On Tue, Oct 20, 2020 at 8:41 PM Chris Angelico <rosuav@gmail.com> wrote:
>> f"{spam:d} {eggs:d} {cheese:d}" = "123 456"
> Wow! That sure looks like a strong anti-pattern.
> If some variable was assigned somewhere very distant in the program flow, a parser might succeed where it would otherwise fail!  It's not technically spooky action at a distance, but it's troublingly close.

Not sure what you mean. It either succeeds or fails based on the string it's given, but if it succeeds, it assigns only those that match. So if you want some or all of them to have default values, you assign them beforehand.

So in your idea, after the above line runs, `cheese` will remain undefined?! That's a different anti-pattern than the one I thought, but equally bad.

Notice that is a HUGE asymmetry with regular unpacking.  I can never run:

a, b, c = some_expression

And wind up with a and b defined, but silently continue the program with c undefined.

In your idea, is it the case that a line like yours above can simply NEVER fail, in the sense of raising exceptions?  So maybe it runs and nothing is actually bound?! I hate that even more than what I previously thought the idea was.

> Just to repeat, a "scanf-string" just cannot be the same thing as an f-string.  Here is a perfectly good f-string, similar to ones I use all the time:
> f"More than foo is {foo+1}"
> There's just no way to make f-strings into an assignment target... what is POSSIBLE is making "some subset of f-strings (yet to be precisely specified)" patterns for a scan.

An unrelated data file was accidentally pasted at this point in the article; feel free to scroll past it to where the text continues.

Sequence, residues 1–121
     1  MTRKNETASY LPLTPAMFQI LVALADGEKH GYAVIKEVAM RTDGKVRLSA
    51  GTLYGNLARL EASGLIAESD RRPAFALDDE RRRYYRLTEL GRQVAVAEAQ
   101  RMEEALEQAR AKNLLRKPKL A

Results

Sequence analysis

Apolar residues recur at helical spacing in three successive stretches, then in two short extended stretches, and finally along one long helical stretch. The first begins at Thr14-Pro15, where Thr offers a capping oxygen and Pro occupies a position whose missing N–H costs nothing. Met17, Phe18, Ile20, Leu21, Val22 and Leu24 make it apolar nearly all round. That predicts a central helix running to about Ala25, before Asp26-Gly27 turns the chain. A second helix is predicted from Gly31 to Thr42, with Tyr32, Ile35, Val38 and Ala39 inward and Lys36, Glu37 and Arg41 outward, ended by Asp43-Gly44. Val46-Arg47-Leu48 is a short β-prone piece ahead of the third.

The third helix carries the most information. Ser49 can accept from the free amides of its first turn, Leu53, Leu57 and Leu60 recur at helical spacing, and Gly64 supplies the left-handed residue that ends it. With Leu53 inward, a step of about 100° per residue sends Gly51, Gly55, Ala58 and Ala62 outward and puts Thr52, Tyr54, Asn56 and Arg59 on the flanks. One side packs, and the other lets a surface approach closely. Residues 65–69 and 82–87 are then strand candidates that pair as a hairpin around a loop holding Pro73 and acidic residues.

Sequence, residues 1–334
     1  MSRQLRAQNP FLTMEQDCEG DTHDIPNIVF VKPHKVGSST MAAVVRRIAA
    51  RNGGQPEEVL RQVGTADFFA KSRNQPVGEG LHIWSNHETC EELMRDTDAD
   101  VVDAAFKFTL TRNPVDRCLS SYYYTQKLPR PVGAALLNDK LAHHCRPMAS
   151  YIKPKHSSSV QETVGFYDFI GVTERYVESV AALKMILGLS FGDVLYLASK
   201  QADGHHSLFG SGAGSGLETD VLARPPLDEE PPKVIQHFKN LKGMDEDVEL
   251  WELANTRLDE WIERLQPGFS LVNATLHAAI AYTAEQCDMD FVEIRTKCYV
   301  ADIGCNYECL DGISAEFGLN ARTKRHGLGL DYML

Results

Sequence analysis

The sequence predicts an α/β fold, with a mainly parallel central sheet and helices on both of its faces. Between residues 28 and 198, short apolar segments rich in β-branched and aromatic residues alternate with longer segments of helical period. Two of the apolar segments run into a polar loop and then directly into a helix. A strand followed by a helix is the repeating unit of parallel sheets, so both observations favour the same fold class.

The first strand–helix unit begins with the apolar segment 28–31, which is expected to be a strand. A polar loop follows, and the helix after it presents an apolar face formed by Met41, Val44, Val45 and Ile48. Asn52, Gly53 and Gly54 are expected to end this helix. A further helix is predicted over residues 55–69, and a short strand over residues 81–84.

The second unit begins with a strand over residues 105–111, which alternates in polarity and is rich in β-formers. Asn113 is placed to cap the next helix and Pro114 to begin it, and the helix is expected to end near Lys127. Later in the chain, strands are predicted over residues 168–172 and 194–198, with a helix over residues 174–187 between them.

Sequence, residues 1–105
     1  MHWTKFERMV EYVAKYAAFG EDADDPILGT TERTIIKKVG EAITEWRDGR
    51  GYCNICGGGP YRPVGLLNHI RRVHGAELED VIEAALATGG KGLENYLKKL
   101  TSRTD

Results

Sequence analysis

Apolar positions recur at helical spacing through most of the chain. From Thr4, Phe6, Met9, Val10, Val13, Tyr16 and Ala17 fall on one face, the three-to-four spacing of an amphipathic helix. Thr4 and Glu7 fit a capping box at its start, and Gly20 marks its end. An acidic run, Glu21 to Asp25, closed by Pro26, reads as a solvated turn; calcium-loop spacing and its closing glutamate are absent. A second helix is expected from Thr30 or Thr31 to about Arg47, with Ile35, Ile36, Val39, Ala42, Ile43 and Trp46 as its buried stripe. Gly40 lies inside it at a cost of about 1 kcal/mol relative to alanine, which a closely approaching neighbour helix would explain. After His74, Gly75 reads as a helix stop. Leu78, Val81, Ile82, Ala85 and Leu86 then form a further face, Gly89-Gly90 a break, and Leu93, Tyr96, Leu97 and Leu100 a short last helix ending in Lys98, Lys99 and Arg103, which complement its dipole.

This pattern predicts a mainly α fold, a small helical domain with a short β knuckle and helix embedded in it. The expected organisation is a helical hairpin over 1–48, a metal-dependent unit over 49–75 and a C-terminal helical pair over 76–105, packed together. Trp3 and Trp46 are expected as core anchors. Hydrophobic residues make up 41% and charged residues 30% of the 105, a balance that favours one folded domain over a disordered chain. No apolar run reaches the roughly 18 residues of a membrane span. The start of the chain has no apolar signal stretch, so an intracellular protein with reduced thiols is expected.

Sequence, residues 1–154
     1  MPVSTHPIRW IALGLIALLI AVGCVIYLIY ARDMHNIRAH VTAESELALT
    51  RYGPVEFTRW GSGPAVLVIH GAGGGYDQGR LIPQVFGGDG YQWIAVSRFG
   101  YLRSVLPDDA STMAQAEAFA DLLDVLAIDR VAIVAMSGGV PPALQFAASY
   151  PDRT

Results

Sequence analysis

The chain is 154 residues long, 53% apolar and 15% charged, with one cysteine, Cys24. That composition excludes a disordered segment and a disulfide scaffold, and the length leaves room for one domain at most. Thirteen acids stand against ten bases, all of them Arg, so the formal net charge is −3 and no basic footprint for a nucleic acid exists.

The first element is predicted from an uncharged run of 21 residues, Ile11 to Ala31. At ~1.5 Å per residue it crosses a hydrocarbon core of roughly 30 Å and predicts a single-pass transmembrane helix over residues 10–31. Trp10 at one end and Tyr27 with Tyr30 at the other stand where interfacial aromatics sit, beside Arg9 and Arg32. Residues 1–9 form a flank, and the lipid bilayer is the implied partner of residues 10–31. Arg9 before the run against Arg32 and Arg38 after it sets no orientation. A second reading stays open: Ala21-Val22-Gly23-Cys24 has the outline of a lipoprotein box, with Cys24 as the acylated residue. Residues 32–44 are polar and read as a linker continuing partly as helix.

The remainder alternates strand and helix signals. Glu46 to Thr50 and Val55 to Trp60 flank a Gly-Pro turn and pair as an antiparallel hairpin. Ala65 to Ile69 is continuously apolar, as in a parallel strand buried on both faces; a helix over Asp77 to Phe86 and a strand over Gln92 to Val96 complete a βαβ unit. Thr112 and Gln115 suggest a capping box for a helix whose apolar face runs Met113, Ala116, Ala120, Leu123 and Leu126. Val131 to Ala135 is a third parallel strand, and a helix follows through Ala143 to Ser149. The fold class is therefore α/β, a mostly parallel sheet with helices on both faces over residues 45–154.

Scanning and printing are not the same. This has been repeated many times, yet STILL people object on the basis that they won't be the same.

Well, "formatting" more generally, not only printing.  But the fact they are different is EXACTLY the point I have tried to make a number of times.  Trying to shoe-horn a "formatting string" into a role of a "scanning string" is exactly the problem.  They are NOT the same.

As I say, developing a "scanning mini-language" that is *inspired by* the formatting language sounds great.  Trying to make the actual f-string do double-duty as a scanning mini-language is a terrible idea.  That way lies Perl.

It really does! Imagine trying to explain "What is an f-string?" in Python 3.11 under the proposal (I'm not sure which version is actually proposed, but under any of them).  The answer becomes "Depending on context, the meaning and interpretation of the symbols is one of these several things."  For the most part, Python tries hard to avoid "context sensitive grammar." (Yes, I know exceptions, modulo is definitely different from string interpolation, for example... although grammatically it's actually not, just an operator that does very different things with strings versus numbers).

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